22 replies, 13 voices Last updated by  David W. Emery 2 weeks, 4 days ago
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    Howard Hampson
    @Howard the Pilgrim

    Different Christian groups each have their own dialect of Christian terminology.  Within a short period of time, I can often tell a person’s theological tradition by the terms and expressions they use.  They may even use the same word but mean something very different by it.


    Howard Hampson
    @Howard the Pilgrim

    Here is a link to a forum thread on it. Link.




    I can offer only what I have come to know and believe about Mary from my own study this past year. This past year I started my journey back to the CC and in the beginning of that journey I wasn’t sure if I could get past the issue I was having about Mary. I had been led to believe many false ideas about Mary from my 11 years in a non-denominational church. The Bible talks about what faith is, it’s being sure of the things we hope for and knowing something is real even if we don’t physically see it. I started praying for the eyes to see. It was when I researched what the rosary was and the Biblical history that I started seeing her truly as our blessed mother. She wasn’t just a humble servant, she was chosen from the beginning to be the mother of God.

    The resources I used to study her life was the Catechism of the Catholic Church and a book titled This Is Our Faith by MichaelPennock. I also researched different sites on Google. I really don’t see  that the gap between what Protestants believe about Mary and what Catholics believe will ever come closer on the subject of Mary unless God would allow it to happen.  That’s how I view it from my experience.



    I cannot find where to start a new topic so will add this here (and wonder if anyone will ever find it lol)

    This is something that bothers me:

    she is our life and hope because, without her, we would not have her Son, the Christ, through whom comes our hope of eternal life. On a third level, she is our advocate before the divine Judge, who is her Son, and in this sense, it is she who obtains for us both hope and life by appealing to him on our behalf.

    Jesus always ‘was’. He is the Great I AM

    i keep reading catholics saying that we need to be grateful to Mary because.. without her ‘ no Jesus’!

    As if God would have been left without a plan if she had not agreed. . or as if He didnt already know that she would agree. Nevertheless, Jesus did not come into existence on christmas day..He always was.Yes he was born as human but I feel sure the Father would have had a plan B if necessary.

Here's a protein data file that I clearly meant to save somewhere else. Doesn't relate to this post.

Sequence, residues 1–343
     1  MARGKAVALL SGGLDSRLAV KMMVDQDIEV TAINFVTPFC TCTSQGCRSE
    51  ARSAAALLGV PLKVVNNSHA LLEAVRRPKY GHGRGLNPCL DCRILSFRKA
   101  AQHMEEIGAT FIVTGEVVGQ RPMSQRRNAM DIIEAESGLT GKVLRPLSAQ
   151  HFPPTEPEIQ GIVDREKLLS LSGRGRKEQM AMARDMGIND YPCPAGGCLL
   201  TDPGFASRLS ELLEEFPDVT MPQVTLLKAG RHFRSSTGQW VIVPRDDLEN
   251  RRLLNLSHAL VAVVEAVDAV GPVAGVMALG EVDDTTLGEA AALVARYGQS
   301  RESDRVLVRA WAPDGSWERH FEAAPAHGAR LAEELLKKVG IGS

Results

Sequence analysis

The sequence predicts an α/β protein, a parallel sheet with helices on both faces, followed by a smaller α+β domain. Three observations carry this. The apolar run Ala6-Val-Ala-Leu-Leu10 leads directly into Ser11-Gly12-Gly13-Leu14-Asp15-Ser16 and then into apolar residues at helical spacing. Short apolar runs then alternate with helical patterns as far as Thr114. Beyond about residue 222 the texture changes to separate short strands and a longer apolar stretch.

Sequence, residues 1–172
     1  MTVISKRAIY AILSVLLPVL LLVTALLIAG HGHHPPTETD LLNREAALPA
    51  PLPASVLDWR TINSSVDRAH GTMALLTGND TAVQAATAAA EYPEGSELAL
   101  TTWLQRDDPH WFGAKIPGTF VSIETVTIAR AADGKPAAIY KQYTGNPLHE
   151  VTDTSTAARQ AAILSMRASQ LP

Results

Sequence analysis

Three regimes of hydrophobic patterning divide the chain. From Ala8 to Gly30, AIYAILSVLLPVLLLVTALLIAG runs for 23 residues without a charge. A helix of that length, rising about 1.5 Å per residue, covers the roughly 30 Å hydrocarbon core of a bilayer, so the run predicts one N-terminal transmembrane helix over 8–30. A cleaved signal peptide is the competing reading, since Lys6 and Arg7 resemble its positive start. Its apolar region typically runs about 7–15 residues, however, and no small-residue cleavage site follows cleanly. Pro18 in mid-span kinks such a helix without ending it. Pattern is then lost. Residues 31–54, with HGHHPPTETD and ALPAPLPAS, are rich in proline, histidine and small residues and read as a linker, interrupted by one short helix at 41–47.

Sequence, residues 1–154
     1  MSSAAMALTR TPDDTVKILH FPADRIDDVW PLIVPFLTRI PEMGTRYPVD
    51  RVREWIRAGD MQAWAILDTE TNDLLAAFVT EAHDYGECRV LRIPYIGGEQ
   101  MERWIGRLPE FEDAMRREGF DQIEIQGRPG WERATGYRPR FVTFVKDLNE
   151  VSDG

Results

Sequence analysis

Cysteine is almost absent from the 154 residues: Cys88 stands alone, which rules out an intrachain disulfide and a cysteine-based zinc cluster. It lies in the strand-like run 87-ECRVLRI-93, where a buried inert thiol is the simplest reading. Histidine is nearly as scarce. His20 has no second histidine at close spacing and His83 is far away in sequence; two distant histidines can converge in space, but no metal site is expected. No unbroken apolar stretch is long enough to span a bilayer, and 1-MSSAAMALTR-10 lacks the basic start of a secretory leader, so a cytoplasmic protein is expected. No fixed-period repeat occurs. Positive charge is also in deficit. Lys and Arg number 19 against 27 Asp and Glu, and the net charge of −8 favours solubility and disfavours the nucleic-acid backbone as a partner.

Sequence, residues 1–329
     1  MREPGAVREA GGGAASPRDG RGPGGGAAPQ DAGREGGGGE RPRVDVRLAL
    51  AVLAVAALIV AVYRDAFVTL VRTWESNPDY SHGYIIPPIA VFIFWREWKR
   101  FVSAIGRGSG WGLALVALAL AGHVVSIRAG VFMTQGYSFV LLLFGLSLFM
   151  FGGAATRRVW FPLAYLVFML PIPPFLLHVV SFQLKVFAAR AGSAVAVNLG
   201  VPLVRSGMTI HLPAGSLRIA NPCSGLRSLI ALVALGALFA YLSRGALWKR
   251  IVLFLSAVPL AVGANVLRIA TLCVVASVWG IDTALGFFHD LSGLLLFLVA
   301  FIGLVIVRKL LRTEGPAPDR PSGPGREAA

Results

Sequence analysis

Anyway, as someone recently leaving Protestantism and living here in no man’s land trying to work thru my ‘Mary issues’, that is something that bothers me .. seems as if they are saying if not for Mary we would have no salvation!


    David W. Emery
    @David W. Emery

    Jesus always ‘was’. He is the Great I AM – Seeking

    This is true. It is also true that “the Word became flesh and dwelt among us” (John 1:14). We cannot forget the Incarnation. Without that momentous entry into his own creation, God would not be able to take the name Jesus Christ, for it was in the act of the Incarnation that he became a man, visible in human history, and able to redeem mankind by his self-sacrifice.

    As if God would have been left without a plan if she had not agreed. . or as if He didn’t already know that she would agree. Nevertheless, Jesus did not come into existence on christmas day.

    God’s plans never fail. He is the almighty, he can do whatever he desires. He chose the manner of his entry into creation, the manner in which he would redeem mankind, and he accomplished it, according to his eternal plan, through a woman, so that just as it was through a woman (Eve, who gave the fruit to Adam, Genesis 3:6) that mankind fell from grace, so also it was through a woman (Mary, who fulfilled the promise of Genesis 3:15) that mankind was raised up to glory. This was done so that what Paul writes in Romans 5:12–15 might come about. It is all one plan; at both ends, both the man and the woman have a part in it.

    God knows everything — past, present and future — because he lives in eternity, where time does not exist. He knows what he is doing, and it will all work the first time. No need for a Plan B.

    It is true that Jesus did not come into existence on Christmas day. Rather, he came into existence when he was conceived in the womb of Mary (Luke 1:38), and he came into the world on Christmas day (Luke 2:7). The shepherds saw him (Luke 2:16), and in the course of time, the world saw him.


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